This post is made possible by support from Heifer International. All opinions are my own (but I’m not sure what Joey from Friends thinks).
It has been quite a few years since I had to open one of these:
….. but I’m pretty sure nothing has happened in the decades between elementary school and now to make it easier to get to that milk!
This guy has a similar problem:
The gentleman in the video above was hardly alone. Remember how Joey on Friends struggled with traditional milk cartons?
When The Problem Is Bigger than Difficulty Getting Into the Container
For children in Tanzania, having access to milk itself is the challenge, no matter what the container.
A Heifer International program in Tanzania that began in 2008 helps dairy farmers increase milk production. They are now broadening that focus through the school milk feeding program, which has a goal of creating viable and diverse markets for the farmers. Government agencies and school districts are part of the initiative to encourage a generation of milk-drinkers and increase the well-being and nutrition of eager students.
(And good news – the milk comes in packets rather than those blasted cartons!).
More about the School Milk Feeding Program
The School Milk Feeding Program officially began in July 2017. Besides the fact that it gives children in Tanzania access to milk and the ability to learn better, I love the way the program integrates communities by bringing the “cow to the classroom.”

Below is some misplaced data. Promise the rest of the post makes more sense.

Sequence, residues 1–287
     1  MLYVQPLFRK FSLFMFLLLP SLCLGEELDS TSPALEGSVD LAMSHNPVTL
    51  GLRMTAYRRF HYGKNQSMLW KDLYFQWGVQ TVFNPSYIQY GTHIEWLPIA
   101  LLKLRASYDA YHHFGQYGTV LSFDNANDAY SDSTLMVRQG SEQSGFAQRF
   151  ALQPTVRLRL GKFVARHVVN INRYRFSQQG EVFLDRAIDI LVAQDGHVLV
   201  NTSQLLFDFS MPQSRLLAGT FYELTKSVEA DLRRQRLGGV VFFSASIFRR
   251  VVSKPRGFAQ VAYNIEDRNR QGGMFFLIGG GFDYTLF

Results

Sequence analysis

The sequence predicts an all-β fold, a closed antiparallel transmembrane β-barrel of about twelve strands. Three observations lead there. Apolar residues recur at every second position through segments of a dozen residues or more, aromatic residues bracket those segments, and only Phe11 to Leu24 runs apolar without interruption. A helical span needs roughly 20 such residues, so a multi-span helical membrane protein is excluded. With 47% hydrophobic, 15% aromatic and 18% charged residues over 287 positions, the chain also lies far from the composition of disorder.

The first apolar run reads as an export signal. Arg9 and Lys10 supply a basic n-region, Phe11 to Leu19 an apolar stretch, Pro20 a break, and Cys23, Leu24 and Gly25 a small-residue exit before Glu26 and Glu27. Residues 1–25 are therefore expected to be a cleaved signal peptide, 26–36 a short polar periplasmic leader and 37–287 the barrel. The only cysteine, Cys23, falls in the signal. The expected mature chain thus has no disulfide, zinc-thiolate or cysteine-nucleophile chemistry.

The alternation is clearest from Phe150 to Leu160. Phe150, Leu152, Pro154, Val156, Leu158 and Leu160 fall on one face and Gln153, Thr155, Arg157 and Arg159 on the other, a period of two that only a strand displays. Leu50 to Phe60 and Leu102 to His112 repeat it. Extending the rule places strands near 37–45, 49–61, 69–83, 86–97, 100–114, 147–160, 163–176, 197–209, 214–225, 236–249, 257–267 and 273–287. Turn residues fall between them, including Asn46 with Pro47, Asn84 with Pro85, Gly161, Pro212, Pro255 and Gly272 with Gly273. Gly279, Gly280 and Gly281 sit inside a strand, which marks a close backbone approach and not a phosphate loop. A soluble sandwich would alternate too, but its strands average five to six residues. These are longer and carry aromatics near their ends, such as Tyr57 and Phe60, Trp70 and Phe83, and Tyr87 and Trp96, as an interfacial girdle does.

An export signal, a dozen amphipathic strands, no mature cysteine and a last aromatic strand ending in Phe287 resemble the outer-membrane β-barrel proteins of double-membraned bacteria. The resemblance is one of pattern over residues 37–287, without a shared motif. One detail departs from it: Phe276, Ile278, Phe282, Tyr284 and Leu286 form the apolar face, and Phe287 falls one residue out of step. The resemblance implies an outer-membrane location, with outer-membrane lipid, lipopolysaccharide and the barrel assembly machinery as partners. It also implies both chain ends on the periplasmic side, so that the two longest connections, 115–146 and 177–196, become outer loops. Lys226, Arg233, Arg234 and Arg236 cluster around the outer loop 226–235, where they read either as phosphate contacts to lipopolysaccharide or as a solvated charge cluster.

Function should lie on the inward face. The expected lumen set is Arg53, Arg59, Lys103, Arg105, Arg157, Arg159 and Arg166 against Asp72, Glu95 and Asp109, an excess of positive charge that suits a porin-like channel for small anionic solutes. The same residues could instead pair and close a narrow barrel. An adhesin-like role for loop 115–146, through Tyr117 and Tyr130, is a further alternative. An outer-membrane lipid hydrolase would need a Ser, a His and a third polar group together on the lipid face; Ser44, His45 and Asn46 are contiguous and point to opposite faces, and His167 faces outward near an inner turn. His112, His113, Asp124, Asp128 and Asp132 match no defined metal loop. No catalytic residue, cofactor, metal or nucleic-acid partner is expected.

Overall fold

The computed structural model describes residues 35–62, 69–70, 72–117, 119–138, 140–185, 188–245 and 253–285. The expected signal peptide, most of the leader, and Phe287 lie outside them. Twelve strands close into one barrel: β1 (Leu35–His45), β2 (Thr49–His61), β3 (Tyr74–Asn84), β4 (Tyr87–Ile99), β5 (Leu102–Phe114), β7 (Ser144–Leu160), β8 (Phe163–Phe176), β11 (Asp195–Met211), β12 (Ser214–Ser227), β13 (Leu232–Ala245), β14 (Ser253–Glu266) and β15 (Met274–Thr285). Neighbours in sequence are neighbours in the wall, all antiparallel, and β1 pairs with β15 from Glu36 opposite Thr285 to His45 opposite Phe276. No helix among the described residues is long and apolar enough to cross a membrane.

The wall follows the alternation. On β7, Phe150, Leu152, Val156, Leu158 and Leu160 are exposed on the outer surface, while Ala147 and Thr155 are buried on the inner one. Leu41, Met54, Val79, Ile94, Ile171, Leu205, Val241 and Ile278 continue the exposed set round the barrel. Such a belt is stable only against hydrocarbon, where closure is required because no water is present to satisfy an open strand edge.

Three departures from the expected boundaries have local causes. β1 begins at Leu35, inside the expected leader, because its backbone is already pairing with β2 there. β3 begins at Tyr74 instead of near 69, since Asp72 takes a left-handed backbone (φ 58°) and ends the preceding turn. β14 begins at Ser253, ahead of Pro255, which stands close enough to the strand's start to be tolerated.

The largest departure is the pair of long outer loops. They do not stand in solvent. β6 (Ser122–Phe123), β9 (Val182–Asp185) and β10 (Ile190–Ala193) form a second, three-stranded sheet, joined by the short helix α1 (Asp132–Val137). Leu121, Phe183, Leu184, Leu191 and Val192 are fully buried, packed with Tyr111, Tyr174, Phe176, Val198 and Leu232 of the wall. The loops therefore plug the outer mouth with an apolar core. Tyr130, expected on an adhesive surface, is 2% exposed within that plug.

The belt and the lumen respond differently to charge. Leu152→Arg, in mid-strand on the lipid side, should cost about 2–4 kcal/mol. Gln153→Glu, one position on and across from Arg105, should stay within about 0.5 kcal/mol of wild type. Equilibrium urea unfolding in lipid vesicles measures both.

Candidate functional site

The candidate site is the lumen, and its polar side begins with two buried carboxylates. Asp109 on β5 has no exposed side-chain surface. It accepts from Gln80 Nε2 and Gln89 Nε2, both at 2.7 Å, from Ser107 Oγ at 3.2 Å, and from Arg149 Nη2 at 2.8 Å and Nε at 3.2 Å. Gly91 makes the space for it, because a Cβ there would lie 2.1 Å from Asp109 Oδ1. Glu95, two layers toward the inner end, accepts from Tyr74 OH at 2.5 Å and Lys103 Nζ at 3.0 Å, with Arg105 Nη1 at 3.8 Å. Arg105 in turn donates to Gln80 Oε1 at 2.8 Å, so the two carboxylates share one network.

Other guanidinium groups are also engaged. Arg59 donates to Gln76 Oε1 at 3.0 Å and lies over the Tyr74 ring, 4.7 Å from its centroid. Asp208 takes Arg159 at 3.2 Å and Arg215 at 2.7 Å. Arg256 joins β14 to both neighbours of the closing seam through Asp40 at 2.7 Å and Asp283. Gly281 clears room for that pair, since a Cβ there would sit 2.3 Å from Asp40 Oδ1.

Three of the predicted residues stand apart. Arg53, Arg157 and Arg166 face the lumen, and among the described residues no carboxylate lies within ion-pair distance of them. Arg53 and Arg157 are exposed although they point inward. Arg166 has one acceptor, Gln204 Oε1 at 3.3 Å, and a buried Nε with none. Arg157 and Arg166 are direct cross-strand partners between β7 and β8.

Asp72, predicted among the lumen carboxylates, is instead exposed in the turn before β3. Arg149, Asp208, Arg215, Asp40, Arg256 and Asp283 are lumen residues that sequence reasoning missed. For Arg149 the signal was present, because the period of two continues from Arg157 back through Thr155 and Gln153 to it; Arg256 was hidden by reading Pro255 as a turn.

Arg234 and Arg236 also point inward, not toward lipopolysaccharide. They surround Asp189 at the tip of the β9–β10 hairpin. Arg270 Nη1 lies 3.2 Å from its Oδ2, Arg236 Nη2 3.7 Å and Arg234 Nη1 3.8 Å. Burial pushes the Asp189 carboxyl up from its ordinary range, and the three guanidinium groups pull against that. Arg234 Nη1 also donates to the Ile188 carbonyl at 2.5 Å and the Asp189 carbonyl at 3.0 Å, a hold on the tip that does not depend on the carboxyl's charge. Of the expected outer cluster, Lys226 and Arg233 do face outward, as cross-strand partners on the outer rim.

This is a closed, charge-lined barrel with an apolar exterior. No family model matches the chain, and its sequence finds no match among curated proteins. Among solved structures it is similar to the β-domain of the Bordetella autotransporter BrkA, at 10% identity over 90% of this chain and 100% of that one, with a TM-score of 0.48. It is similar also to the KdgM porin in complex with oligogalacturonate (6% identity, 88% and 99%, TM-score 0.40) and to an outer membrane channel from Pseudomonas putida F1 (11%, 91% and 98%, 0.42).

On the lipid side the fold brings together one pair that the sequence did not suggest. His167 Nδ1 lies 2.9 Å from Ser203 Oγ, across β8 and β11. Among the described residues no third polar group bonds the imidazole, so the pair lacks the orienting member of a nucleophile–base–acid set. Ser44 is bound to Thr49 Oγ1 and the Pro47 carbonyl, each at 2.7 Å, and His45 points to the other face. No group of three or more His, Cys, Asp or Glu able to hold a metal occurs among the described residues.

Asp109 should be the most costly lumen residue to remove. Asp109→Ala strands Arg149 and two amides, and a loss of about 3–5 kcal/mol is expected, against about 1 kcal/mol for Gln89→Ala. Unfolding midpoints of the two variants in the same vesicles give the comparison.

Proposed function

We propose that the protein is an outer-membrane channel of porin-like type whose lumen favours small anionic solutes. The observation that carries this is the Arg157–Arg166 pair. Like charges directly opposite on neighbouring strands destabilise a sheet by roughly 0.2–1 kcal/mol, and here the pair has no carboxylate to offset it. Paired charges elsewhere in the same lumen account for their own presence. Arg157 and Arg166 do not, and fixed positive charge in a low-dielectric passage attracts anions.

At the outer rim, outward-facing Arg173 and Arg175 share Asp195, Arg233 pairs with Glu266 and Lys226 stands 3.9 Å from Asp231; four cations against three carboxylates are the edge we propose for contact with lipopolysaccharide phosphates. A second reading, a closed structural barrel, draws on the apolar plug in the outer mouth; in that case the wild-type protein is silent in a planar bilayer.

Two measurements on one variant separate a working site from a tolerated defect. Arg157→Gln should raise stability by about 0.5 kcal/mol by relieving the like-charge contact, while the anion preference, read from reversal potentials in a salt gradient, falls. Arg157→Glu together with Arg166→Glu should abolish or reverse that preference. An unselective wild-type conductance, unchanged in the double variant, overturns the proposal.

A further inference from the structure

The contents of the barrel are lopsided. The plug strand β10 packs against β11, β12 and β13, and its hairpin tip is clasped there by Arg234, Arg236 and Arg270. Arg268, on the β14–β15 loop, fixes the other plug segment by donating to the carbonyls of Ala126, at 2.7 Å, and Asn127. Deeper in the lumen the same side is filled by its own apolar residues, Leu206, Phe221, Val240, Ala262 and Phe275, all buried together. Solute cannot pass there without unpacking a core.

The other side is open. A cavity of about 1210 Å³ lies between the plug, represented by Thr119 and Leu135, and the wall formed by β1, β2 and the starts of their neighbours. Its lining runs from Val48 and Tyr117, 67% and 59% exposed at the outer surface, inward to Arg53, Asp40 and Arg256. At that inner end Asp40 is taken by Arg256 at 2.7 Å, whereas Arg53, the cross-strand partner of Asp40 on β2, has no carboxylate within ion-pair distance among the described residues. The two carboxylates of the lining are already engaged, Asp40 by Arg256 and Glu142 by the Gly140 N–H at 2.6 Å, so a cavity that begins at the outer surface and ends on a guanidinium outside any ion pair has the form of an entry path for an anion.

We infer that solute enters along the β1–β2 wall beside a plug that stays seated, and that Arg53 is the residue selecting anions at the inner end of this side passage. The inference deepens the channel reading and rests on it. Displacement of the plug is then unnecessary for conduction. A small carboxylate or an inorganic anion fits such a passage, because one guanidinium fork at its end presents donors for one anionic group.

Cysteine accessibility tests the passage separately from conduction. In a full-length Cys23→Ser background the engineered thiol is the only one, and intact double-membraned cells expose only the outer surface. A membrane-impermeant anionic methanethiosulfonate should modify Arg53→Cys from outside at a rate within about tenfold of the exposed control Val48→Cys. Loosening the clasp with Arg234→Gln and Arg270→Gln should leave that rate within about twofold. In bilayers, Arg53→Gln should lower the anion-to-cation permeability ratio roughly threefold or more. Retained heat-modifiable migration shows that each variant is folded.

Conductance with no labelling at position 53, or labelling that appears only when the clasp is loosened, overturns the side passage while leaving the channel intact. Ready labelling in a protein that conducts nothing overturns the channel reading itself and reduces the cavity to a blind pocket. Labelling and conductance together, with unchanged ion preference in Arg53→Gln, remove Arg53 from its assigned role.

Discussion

During my trips to Central America, and as a fan/supporter of Linda Freeman, who has worked with communities in Cambodia to develop goat banks, I have gained a deeper appreciation of the link between animals and community self-support. This chicken in Guatemala, for example, is a key element of the family’s survival strategy.
Here’s more about the “cows to classrooms” concept, which brings Heifer’s community efforts full circle.
Where the Milk Goes Now (and Where It Will Go in the Future)
The July launch of the program put 200 ml packets of milk, providing 25% of the daily share of calcium, in the hands of 1742 pupils in the Njombe region; they’ll keep getting milk Monday through Friday for the rest of the school year.
Heifer wants to expand the program so that 9,000 pupils ages 9 and under in the Njombe, Iringa, Mbeya, and Songwe regions get a packet of free fresh milk every day Monday – Friday during the school year.
Besides the obvious health/learning benefits for the children involved, the cow to classroom program also creates a reliable market for producers and increases the farmers’ incomes.
What Will The Expansion Take?
I am excited to partner with Heifer to let you know how we can help this project reach its goal of providing milk every school day to 9000 children in Tanzania!
Donations of any size are appreciated. Even $2.00 would cover a week! It would be the perfect way to observe World School Milk Day on September 27.
If you would like to donate, please click here.
If you can’t donate right now, please consider sharing this post; the more people who are aware, the better (just click here to send a tweet now!). Women Online will donate $1 for each Facebook share or Twitter Retweet (up to $2000 total) to Heifer’s School Milk Feeding Program!
I promise giving (or sharing socially) will be easier than opening a #$#(!* elementary school milk carton!